A couple MIT students have found their way to the #dig channel and asked about UROPs during IAP. I'm still learning about student rhythms at MIT; I was never a student here; I got my degree at U.T. Austin. My ten years with W3C has exposed me to the terms UROP and IAP before, but I have paged most of it out. Let's refresh our cache, shall we?
The Independent Activities Period (IAP) is a special four week term at MIT that runs from the first week of January until the end of the month. IAP 2006 takes place from January 9 through February 3.IAP overview
In UROP info for supervisors, I see there's a form for listing projects. Hey... it would be cool if the student projects category here in this blog were automatically syndicated via that form. A meta-student-project?
Meanwhile, we do have a few notes on student projects among our DIG info for MIT students.
I'm not sure how items syndicated from Danny/Eric via the WordPress plug-in can get categorized; I suppose we can do it manually, after-the-fact?
I see a bunch of UROP openings for this time of year. The Building Games to Acquire Commonsense Knowledge project looks cool.
NOTE: It is expected that UROP students are supervised in the laboratory at all times, per the Institute's "no working alone" policy .UROP safety isses
A couple years ago, my flight to BOS for some meeting (the TP?) got me in at about 8:00 on a Tuesday night. I arrived with no plans for the evening, and couldn't scare up anything interesting to do. When I got to CSAIL/stata the next day, I found a flyer about csail hockey on Tuesdays. Darn! If only I had known!
On another trip to BOS about a year later, I managed to get out on the ice with them. The format was great: there's one group that knows what they're doing (the "B/C line"), and another group that tries not to fall down too much (the "D line"). The B/C line goes out there for 2.5 minutes and then a whistle blows and they all clear the ice, and the D line (including me) fumbles around for a 2.5 minutes, and the cycle repeats. After an hour of that, I was totally exhausted.
I was using all borrowed equipment, and I think the skates didn't fit me well.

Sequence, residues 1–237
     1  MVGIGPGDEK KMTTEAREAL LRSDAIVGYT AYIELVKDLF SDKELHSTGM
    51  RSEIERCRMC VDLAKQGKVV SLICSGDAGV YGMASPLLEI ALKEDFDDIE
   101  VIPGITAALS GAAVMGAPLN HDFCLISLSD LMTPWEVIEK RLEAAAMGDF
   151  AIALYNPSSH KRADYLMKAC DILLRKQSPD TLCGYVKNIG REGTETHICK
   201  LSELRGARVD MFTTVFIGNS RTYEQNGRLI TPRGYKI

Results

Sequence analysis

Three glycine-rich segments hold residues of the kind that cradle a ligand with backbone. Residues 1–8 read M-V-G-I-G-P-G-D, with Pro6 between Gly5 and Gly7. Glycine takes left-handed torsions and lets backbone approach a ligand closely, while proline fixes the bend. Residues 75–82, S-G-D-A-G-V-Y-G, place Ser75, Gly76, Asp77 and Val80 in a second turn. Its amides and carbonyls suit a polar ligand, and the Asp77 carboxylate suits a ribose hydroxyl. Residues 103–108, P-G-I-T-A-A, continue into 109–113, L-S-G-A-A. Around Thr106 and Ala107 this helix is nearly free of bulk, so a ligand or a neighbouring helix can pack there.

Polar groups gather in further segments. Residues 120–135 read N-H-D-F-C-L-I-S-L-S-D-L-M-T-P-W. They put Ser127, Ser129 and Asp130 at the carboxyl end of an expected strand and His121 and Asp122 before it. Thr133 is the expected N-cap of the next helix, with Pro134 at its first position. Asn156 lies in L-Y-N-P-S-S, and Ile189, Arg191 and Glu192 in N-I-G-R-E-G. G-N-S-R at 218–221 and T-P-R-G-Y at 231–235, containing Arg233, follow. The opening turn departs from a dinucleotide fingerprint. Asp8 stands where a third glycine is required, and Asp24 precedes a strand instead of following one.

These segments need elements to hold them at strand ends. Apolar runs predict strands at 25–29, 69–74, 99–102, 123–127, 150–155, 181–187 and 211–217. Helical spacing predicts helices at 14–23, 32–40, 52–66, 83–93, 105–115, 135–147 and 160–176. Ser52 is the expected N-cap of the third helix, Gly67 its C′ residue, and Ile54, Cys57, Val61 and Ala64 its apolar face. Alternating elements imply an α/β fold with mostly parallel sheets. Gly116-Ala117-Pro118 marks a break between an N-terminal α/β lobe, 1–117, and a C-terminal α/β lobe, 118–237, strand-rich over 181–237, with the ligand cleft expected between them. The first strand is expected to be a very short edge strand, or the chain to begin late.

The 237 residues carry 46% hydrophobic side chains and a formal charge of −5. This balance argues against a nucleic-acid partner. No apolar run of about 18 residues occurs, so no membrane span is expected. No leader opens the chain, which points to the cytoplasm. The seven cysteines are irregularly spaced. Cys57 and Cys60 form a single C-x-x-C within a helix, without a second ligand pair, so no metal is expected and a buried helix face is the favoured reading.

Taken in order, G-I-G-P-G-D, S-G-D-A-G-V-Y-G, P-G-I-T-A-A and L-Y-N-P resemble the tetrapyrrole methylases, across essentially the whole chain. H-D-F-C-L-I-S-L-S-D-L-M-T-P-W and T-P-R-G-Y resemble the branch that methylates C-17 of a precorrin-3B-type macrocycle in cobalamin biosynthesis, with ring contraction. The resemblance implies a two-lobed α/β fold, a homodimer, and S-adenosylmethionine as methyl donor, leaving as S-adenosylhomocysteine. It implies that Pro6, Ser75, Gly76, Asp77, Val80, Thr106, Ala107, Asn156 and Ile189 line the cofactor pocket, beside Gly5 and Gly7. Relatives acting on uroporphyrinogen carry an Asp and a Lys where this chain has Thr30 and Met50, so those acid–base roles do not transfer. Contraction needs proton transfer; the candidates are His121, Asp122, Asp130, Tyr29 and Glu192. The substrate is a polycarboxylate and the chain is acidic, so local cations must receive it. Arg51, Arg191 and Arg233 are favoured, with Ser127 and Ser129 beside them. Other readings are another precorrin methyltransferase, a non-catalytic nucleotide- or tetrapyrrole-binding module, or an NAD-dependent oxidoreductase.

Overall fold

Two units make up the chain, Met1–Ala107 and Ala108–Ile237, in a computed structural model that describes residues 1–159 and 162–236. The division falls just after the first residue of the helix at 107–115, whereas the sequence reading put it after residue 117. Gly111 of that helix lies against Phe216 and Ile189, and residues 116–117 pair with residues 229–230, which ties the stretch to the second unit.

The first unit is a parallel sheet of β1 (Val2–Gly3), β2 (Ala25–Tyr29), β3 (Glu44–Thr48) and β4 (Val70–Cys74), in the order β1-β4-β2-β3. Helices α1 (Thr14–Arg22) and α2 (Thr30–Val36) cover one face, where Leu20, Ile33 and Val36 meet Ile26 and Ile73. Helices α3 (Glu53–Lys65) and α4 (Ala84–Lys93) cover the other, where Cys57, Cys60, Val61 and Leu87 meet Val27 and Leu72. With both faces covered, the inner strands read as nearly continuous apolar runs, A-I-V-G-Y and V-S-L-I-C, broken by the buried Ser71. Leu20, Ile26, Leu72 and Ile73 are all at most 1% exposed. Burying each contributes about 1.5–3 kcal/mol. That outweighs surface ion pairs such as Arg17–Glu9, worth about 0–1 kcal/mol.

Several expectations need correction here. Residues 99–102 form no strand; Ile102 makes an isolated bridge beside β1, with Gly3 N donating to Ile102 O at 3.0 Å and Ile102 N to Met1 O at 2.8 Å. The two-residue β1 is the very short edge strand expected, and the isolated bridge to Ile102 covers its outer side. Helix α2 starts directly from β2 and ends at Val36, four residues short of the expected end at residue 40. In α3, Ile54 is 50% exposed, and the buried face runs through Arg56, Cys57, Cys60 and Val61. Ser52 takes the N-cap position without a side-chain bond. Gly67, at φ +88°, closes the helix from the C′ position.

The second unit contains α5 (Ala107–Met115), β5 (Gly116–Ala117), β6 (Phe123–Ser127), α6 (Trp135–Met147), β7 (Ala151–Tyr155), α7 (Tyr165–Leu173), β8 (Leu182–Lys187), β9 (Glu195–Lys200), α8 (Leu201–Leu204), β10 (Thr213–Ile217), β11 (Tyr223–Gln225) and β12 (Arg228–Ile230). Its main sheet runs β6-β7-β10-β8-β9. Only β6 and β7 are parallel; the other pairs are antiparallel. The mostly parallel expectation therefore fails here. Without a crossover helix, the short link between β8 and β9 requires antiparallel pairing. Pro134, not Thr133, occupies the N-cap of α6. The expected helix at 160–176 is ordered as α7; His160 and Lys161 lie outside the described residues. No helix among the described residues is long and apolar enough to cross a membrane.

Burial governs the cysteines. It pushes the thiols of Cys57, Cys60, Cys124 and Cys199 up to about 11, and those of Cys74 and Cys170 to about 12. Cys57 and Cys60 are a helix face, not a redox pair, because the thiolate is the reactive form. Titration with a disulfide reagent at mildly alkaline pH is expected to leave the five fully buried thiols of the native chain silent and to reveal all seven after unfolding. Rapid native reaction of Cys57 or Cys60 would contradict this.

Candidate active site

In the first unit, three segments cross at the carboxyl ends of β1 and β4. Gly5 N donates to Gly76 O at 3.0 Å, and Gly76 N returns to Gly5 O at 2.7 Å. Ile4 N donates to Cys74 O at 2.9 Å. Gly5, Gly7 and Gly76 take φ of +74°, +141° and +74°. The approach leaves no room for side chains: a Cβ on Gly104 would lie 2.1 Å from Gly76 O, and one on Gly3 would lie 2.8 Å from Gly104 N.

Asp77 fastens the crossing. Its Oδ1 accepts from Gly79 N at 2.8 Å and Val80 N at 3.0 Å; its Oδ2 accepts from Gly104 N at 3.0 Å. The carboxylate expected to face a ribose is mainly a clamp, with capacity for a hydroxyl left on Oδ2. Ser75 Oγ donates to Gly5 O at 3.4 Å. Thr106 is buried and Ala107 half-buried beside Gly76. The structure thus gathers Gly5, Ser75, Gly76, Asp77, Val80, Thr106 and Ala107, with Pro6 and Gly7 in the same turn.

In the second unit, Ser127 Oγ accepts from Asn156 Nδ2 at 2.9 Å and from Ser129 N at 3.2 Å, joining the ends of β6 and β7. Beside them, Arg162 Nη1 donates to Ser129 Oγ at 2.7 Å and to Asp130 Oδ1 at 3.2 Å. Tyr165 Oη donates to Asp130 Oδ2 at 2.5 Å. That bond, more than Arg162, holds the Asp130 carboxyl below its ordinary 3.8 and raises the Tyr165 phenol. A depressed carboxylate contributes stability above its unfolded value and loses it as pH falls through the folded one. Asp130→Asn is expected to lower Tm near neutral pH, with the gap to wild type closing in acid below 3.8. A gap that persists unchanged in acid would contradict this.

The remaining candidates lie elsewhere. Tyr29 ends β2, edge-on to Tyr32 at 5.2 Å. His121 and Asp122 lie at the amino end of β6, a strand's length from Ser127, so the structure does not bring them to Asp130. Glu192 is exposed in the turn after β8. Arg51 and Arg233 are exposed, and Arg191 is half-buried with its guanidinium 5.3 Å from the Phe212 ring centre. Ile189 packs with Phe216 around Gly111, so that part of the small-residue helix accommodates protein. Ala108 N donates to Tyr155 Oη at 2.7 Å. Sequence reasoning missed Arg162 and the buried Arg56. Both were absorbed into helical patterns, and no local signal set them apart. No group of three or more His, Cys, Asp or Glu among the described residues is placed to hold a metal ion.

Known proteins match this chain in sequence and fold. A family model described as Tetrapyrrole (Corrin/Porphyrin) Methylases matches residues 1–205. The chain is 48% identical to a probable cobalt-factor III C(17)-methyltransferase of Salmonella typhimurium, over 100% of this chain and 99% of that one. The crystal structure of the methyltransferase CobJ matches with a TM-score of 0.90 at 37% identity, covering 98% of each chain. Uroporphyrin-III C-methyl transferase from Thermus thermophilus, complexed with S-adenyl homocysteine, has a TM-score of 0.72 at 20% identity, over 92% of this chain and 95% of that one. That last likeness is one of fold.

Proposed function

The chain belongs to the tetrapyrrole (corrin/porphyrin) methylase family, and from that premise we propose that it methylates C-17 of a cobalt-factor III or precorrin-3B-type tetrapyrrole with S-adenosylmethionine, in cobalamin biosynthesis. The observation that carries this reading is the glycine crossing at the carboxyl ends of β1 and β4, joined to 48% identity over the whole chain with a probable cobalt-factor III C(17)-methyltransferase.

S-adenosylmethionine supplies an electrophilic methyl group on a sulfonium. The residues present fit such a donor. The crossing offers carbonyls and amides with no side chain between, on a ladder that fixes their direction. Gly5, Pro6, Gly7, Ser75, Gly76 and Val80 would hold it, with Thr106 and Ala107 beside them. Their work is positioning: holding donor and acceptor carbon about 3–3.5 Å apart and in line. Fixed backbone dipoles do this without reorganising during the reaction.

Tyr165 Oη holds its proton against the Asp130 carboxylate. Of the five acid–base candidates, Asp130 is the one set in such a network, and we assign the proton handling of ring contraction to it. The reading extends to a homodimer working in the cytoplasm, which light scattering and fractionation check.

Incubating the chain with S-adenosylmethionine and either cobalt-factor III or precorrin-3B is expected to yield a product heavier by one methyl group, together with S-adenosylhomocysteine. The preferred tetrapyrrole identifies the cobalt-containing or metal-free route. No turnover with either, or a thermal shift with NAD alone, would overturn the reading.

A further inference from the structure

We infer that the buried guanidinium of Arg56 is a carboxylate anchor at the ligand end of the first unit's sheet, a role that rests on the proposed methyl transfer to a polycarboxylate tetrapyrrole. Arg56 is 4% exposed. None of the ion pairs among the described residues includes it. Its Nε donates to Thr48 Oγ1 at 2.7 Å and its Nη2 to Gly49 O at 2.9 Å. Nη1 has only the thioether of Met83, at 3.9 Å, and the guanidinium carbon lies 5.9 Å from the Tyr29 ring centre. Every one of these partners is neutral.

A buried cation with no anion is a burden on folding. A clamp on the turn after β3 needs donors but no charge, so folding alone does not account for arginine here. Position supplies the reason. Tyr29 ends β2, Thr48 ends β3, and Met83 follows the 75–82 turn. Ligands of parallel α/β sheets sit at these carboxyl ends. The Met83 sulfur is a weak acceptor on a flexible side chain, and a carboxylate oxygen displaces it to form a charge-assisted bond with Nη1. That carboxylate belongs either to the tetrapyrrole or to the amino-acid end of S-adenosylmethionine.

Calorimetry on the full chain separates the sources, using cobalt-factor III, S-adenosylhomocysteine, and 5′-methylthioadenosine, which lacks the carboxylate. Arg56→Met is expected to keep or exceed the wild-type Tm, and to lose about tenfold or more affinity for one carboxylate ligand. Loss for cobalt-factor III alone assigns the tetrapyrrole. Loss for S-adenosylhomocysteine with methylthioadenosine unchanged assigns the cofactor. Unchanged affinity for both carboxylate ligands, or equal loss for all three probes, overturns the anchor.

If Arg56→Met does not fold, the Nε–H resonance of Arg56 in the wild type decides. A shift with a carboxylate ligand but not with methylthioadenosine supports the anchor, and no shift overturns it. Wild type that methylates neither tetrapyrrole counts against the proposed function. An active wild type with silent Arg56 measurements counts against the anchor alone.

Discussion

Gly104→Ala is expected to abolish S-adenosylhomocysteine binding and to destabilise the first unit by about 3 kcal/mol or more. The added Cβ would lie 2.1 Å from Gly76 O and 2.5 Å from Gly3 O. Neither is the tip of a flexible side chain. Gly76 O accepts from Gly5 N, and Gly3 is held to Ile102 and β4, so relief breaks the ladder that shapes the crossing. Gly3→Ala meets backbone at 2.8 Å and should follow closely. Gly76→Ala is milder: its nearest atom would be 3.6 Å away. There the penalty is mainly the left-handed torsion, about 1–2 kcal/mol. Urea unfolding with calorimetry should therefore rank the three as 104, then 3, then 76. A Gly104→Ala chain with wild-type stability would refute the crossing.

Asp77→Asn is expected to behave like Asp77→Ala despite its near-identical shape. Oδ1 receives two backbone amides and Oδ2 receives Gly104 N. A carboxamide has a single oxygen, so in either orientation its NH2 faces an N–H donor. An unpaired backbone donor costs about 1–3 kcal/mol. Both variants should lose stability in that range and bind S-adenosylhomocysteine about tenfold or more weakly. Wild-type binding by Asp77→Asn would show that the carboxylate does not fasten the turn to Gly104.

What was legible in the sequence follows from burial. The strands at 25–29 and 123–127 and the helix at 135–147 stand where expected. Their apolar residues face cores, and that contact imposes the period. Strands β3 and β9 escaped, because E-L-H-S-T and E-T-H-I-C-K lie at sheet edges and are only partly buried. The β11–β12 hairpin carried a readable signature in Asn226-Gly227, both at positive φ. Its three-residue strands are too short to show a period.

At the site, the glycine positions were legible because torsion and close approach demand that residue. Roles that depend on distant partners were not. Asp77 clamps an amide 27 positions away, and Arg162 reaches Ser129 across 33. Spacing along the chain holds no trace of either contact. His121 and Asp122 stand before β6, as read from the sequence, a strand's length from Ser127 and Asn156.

So this time, I brought my skates. Yes, that meant trusting the airline with checked baggage, something I haven't done for years.
This trip took me to Montreal for a big W3C membership meeting and then to CSAIL for a TAG meeting. There's a rink in 1000 de La Gauchetière across the street from the meeting hotel, and I got in a couple hours on Saturday. Then during the TAG meeting lunch break on Tuesday, I did some skating at MIT Johnson ice rink.
And finally, at 11pm Tuesday night, I played CSAIL pick-up hockey with my own skates. This time, there was no separation of D skaters from B/C skaters. I figured out that my main job was to get out of the way when they started skating real fast (I know from coaching little-league soccer what a waste it is for two attacking players to be taking the same lane). I think I made one or two useful defensive plays, and when the puck was passed to me a handful of times, I think I passed it to one of my team-mates more often than I gave it to the other guys.
Though I didn't feel as completely wiped out as last time, I did get a good work-out, and since the game ended around midnight and I got back to my hotel around 1am, that 7am alarm for my flight the next morning came pretty early.
... skipping rocks.
This post is prompted by a desire to test the flickr posting mechanism, but I do love that photo. Mary took it at the CSAIL offsite meeting. Walking in the park is another of my favorite moments from that trip.
The posting mechanism has a glitch... the body text got mangled with the title. I had to clean it up manually.